Nature’s Variety Recalls Raw Frozen Chicken Diets Nationwide
Nature’s Variety has initiated a voluntary recall of their Chicken Formula Raw Frozen Diet for dogs and cats with a "Best If Used By" date of 11/10/10 because these products may be contaminated with Salmonella. The only products affected are limited to chicken medallions, patties, and chubs with a "Best If Used By" date of 11/10/10. No other Nature’s Variety products are affected.
The affected products are limited to the Nature’s Variety Chicken Formula Raw Frozen Diet packaged in the following forms:
3 lb chicken medallions (UPC# 7 69949 60130 2) with a "Best If Used By" date of 11/10/10
6 lb chicken patties (UPC# 7 69949 60120 3) with a "Best If Used By" date of 11/10/10
2 lb chicken chubs (UPC# 7 69949 60121 0) with a "Best If Used By" date of 11/10/10
The “Best If Used By” date is located on the back of the package above the safe handling instructions. The affected product was distributed through retail stores and internet sales in the United States, and in limited distribution in Canada.
Raw pet food is popular among owners who say it promotes health, longevity and cuts down on vet bills. But raw meat, especially chicken, carries a risk of salmonella.
Nature’s Variety became aware of a potential problem after receiving a consumer complaint. Subsequent testing indicated that the lot code related to the consumer complaint tested negative for Salmonella. However, additional subsequent testing found the "Best If Used By" date of 11/10/10 to be contaminated with Salmonella.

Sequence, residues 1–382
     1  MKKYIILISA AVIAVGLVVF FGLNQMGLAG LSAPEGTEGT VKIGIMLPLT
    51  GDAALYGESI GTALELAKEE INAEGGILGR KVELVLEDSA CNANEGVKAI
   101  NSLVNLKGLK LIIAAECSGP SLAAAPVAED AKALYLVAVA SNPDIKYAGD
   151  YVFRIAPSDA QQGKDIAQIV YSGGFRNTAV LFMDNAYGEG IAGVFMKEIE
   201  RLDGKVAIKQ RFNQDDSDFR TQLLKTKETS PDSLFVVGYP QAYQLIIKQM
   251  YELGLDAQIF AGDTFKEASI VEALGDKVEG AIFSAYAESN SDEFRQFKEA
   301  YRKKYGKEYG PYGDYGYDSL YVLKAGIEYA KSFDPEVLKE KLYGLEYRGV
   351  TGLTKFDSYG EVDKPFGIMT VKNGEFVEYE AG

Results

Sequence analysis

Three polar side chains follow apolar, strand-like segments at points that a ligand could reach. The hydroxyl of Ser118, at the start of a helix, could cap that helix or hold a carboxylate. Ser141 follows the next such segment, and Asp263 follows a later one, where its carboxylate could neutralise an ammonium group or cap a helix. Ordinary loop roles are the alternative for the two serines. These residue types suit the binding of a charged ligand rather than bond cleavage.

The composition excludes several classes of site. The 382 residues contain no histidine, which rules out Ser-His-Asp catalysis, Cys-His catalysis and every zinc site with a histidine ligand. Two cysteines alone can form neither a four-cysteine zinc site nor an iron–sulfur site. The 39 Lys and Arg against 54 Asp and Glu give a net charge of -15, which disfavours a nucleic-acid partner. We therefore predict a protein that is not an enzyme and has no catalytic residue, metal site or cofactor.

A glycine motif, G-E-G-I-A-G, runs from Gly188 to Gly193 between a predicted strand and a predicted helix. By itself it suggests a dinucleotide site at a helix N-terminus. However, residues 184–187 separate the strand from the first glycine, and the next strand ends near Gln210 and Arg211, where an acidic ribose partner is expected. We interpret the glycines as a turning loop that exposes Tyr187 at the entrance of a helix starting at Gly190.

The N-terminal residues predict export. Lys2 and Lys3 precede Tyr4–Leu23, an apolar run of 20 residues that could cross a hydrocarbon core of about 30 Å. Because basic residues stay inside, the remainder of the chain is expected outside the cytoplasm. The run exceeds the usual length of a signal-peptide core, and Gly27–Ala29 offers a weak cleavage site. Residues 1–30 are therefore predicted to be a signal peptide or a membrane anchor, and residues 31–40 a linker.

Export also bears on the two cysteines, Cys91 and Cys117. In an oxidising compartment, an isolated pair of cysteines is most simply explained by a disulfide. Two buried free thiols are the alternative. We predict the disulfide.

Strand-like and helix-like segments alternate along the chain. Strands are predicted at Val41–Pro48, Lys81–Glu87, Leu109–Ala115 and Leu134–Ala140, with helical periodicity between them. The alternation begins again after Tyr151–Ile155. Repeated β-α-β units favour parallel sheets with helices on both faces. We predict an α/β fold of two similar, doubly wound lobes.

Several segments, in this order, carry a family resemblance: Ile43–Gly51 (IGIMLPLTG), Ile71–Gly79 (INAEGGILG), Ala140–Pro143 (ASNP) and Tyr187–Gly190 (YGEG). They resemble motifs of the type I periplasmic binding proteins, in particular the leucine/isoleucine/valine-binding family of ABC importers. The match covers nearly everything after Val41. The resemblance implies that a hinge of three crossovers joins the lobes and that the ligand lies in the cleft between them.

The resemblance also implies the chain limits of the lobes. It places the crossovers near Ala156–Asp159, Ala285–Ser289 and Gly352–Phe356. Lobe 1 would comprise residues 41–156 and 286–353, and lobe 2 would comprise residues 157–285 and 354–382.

Salmonella can affect both humans and animals. Even though no illnesses have been reported, consumers should follow the Safe Handling Guidelines published on the Nature’s Variety package when disposing of the affected product. People handling raw frozen pet foods may become infected with Salmonella, especially if they have not followed the safe handling guidelines set forth by the company. Healthy people infected with Salmonella may experience some or all of the following symptoms:
nausea, vomiting, diarrhea or bloody diarrhea, abdominal cramping, or fever. Although rare, Salmonella can result in more serious ailments including arterial infections, endocarditis (inflammation of the lining of the heart), arthritis, muscle pain, eye irritation, or urinary tract symptoms. Consumers exhibiting these signs after having contact with the affected product should contact their health care provider.
Pets with Salmonella infections may become lethargic and have diarrhea or bloody diarrhea, fever, or vomiting. Some pets may experience only a decreased appetite, fever, or abdominal pain. Infected, but otherwise healthy pets can be carriers and infect other animals or humans. If your pet has consumed any of the affected products and is experiencing any of these symptoms, please contact your veterinarian.